Banks pull back on marketing spend in 2Q12

A scan of second quarter 2012 marketing spend data for leading U.S. banks revealed that most reported year-on-year declines.  These declines have been driven by both general economic uncertainty, as well as the fact that many banks have recently put ambitious cost-cutting initiatives in place.  Of the 12 banks studied, only four reported y/y increases in spending.  And Capital One’s spend excluding the impact of the HSBC card portfolio acquisition was also lower than in 2Q11.

The largest declines among the banks studied were at SunTrust and Bank of America.

  • SunTrust reduced marketing and customer development spending 30% y/y in 2Q12.  Its spend for the first half of 2012 was also down 30% from the same period in 2011.  In the presentation of its financials, the bank provided an update on its PPG Expense Program, which it expects to generate $300 million in annualized savings by the end of 2013.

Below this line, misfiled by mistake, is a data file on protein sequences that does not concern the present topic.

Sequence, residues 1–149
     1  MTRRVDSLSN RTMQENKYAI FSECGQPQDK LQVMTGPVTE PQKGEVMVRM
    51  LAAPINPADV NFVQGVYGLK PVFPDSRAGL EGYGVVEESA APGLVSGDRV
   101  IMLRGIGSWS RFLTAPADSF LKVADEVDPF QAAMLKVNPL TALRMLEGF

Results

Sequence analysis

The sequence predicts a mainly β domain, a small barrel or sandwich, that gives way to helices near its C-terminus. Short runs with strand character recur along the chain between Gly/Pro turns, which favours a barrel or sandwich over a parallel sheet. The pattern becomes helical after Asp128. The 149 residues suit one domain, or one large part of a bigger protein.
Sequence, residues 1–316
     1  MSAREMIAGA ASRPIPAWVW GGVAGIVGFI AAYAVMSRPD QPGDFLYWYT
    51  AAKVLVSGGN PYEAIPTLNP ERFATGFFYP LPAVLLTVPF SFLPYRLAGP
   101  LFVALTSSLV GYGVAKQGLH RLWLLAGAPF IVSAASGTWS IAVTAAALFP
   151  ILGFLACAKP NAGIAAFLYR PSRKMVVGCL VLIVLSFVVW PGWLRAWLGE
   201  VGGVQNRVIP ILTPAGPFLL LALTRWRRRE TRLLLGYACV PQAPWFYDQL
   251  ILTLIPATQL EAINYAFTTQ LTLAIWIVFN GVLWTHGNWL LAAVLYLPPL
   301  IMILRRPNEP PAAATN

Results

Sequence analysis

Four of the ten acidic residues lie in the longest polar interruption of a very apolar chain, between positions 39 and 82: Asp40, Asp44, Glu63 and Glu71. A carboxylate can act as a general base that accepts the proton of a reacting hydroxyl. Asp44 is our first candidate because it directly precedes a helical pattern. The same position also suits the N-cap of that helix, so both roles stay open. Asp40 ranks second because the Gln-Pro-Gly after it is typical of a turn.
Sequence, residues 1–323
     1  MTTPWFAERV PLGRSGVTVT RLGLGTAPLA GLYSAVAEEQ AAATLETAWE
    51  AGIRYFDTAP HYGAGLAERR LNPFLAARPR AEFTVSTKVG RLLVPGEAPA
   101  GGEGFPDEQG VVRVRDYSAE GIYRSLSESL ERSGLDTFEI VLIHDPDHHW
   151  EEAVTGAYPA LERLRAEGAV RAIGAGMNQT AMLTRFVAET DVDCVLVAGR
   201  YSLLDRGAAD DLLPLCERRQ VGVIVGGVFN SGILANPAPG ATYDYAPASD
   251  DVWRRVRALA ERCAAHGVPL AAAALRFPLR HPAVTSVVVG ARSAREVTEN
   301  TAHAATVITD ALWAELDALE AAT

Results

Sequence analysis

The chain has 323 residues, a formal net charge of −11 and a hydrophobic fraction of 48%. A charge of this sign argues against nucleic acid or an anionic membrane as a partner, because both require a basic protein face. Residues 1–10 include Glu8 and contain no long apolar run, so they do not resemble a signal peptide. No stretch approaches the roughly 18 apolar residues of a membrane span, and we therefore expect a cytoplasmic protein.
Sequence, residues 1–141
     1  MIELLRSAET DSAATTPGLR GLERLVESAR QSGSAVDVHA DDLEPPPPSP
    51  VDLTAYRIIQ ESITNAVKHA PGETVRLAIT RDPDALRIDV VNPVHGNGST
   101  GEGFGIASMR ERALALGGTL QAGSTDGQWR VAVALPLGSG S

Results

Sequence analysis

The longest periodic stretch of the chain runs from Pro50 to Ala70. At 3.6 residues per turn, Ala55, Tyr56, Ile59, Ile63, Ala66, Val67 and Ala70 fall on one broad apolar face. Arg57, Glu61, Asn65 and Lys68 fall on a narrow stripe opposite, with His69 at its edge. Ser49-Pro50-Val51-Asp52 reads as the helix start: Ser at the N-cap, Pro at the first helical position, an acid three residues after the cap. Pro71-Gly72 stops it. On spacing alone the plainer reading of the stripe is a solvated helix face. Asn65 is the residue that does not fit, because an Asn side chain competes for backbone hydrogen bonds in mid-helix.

• Bank of America is following a similar a pattern, with marketing spend down 20% y/y in 2Q12, and down 19% y/y in the first half of 2012.  Like SunTrust, Bank of America devoted a section of its earnings presentation to discussing its New BAC cost reduction program, which has a goal of generating $5 billion in annualized cost savings by the end of 2014.

For other banks, the declines in 2Q12 follow significant recent growth in marketing spend.

  • JPMorgan Chase’s marketing spend in 2Q12 was down 14% y/y.  This follows a rise in 28% spending in 2011.
  • Citigroup reduced its marketing budget 6% in 2Q12, following a jump of 40% in 2011.

For some banks, marketing spend patterns can be related to timing of campaigns.

  • U.S. Bancorp’s marketing and business development spend was down 11%.  However, looking at the first half of the year, spend is up 22% over the same period in 2011).
  • Capital One actually grew spending 2% over the same period in 2011, and it reported that spending in the second half of 2012 would increase, due to the timing of some marketing campaigns.
  • KeyBank increased marketing spend 6%, which it attributed to a spring home equity lending campaign.

Finally, American Express reduced spend 3% y/y, but (at $773 million) its marketing and promotion expense still represented 10% of net revenues, a much higher percentage than at other leading financial institutions.  American Express’s goal is for its marketing and promotion expense to be around 9% of revenues.